Data, Maps, Usability, and Performance
Results for tag: WordPress
As I have mentioned previously, WordPress has a great screenshot service that allows you to make quick screenshots from any valid url. The image above is a WordPress generated screenshot, just look at the source of this page. People like to visualize things, so screenshots in articles can improve the user experience and it’s nice to offload the work to a third party (WordPress). However, dynamically generated screenshots have a performance cost and it’s kind of wasteful to keep asking WordPress to regenerate the same screenshot when my use case only needs a screenshot generated once.
If you have a lot of categories on your WordPress website, you might want to organize these categories by each alphabetical letter. In other words, build an A-Z index that allows an end user to click on any letter, which then loads a page that lists all the categories that start with that letter. This is often the design or interaction in music websites which deal with many artists and albums.
I noticed that some people have been looking for this type of WordPress plugin but most of the plugins I have found for such organization have been developed around posts not categories. So, I decided to build this plugin, but more importantly, document the process, as this WP plugin will make a new table in the database, runs queries, hook into WordPress actions, leverage a page template, and much more.
My first thought is that you could manually create this A-Z index, create all the pages for each letter, create a template file for these pages where you would grab all the categories and loop through them to retrieve the correct categories per letter. The small problem with that approach is that it is manual work and the big problem is that it is not going to perform very well when you have 100s if not 1000s of categories.
Do you use any frameworks or starter themes when creating a new WordPress theme? In the past, I would usually start with Twenty Ten or Twenty Eleven and slowly strip things out before adding my own HTML and CSS. Recently, however, there has been a lot of development into frameworks and starter themes which are designed to put you in a better starting point in theme development. Many of these frameworks are based on HTML5, better SEO, and blank structure which lets you just focus on the essentials. Here are the best 5 of these free WordPress frameworks:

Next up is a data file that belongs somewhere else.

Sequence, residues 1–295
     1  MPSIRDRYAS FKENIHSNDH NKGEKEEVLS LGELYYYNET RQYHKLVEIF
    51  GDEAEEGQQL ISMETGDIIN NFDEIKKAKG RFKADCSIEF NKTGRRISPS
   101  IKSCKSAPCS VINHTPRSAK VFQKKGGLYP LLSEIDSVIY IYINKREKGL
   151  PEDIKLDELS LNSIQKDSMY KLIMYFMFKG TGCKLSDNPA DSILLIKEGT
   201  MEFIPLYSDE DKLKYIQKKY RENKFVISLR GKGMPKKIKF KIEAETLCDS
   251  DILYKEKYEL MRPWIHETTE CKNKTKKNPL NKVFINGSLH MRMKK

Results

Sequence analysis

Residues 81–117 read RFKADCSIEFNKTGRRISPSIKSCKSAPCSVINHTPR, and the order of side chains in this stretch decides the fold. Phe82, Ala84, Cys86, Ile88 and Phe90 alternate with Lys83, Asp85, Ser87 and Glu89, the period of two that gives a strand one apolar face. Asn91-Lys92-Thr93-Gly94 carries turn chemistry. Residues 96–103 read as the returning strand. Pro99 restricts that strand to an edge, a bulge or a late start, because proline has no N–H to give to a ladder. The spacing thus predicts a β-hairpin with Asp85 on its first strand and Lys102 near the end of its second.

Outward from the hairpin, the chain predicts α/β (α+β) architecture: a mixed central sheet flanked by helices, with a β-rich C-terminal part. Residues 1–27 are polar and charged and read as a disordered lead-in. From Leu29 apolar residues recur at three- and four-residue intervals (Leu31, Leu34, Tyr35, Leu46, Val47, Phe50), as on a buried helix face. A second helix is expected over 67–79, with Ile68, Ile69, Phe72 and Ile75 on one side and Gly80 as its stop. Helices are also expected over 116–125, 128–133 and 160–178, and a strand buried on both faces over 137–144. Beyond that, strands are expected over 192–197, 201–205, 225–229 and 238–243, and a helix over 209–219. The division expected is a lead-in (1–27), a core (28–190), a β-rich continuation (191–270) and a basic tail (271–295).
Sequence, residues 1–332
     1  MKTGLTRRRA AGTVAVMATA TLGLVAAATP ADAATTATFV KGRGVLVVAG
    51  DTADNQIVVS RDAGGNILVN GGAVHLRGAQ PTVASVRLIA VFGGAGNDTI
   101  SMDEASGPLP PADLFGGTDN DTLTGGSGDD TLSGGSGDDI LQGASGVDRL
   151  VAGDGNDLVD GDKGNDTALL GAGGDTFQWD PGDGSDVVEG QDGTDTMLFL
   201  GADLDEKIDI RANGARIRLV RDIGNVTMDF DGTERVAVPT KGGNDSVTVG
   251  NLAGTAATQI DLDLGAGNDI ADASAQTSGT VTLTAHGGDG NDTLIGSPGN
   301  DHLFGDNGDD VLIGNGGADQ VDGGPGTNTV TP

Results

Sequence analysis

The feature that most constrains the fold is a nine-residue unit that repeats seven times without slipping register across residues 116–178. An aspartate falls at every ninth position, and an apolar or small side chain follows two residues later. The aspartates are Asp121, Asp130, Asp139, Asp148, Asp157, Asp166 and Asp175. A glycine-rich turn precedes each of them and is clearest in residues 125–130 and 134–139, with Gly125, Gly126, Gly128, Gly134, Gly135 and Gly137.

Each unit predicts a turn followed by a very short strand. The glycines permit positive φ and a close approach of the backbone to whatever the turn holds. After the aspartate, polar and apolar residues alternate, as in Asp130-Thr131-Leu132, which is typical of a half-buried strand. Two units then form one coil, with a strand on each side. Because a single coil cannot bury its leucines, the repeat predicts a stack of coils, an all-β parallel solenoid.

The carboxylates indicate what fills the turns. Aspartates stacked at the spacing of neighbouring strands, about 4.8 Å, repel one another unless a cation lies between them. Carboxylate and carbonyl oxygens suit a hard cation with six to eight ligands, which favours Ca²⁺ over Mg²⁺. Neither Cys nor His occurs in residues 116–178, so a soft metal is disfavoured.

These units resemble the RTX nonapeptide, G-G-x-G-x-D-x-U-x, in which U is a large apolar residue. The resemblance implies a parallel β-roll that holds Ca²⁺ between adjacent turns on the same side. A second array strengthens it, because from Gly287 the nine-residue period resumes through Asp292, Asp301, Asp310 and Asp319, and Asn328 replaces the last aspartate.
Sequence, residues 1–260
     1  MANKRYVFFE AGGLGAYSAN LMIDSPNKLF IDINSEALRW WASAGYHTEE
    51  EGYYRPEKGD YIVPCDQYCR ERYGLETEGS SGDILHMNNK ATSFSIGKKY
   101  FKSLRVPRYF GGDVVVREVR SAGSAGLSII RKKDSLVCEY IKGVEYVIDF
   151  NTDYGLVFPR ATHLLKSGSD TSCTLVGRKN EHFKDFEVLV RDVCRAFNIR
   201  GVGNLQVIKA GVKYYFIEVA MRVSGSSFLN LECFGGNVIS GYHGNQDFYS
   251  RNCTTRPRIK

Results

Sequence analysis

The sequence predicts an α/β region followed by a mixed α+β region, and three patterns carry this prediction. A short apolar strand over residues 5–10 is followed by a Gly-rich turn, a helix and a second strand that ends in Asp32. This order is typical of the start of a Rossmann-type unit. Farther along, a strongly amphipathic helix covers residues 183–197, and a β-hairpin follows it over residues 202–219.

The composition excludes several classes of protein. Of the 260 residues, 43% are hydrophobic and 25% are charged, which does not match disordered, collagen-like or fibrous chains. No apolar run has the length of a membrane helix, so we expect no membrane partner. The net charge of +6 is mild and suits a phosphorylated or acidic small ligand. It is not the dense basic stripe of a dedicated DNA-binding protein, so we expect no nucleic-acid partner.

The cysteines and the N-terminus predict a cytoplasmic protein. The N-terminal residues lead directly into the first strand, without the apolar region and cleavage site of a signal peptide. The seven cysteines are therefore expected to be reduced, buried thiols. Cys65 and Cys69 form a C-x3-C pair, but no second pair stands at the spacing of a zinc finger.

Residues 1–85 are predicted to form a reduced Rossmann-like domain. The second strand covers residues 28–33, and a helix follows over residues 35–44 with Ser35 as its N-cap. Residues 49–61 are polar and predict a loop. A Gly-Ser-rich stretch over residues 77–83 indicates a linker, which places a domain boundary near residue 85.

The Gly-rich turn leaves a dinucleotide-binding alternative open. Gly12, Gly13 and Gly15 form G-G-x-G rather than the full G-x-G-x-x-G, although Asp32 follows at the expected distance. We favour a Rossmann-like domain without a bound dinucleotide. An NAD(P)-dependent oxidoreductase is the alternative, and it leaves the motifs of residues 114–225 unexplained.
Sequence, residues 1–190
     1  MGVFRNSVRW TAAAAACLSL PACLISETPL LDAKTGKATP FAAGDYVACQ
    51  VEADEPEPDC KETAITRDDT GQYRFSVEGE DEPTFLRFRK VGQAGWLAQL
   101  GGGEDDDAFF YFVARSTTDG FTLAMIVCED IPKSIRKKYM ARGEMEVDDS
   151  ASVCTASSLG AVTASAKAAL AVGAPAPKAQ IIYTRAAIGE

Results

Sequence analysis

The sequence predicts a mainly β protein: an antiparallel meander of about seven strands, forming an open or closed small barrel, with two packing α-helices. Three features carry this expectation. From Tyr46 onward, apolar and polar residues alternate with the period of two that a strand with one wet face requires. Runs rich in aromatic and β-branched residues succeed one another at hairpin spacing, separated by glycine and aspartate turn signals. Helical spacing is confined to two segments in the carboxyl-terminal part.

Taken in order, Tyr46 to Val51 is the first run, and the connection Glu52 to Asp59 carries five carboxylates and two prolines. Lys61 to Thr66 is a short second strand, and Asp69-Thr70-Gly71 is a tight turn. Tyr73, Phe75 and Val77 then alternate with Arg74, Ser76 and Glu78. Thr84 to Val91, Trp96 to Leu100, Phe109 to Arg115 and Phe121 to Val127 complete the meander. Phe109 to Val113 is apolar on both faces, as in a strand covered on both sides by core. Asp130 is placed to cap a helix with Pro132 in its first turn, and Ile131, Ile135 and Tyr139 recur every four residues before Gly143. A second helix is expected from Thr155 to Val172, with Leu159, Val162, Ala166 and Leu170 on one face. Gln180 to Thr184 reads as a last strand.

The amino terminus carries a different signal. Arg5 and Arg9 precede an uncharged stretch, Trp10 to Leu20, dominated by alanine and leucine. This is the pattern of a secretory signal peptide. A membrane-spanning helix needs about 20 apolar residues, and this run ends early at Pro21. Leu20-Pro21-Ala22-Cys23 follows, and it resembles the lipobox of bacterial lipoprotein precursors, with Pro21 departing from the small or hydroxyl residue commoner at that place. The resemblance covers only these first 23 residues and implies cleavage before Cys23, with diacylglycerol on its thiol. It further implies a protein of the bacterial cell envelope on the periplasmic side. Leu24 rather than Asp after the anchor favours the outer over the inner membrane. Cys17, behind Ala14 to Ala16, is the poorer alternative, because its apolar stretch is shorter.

I have been importing some posts into WordPress and wanted to share an example of simple XML code that you can use for Import. It has just the essential fields and lets you add a post, category, and tag in XML format. When importing, select the WordPress option because RSS option will not add categories and tags.
New Free WordPress Theme: WP-bootstrap, Bootstrap WordPress Theme
I love Bootstrap, it’s essentially just one awesome CSS file, a great base for typography, forms, buttons, tables, grids, navigation, and more. It’s fast and well written, plus it is cross-browser optimized. Right now Bootstrap is not available
for WordPress on the WordPress Free Themes Directory so I decided to develop the theme and offer it for free.
I plan on building more WordPress plugins in the future, so this is a quick plugin I put together to get comfortable with developing for WordPress. This is my first journey into the WP world and I will start by creating a simple WP suggestion plugin. I am referring to search suggestions, the auto suggestion terms that search engines give you as you type into the search box. This autocomplete functionality tries to predict what you mean by displaying search queries based on search term popularity (among other factors) so this data has some value.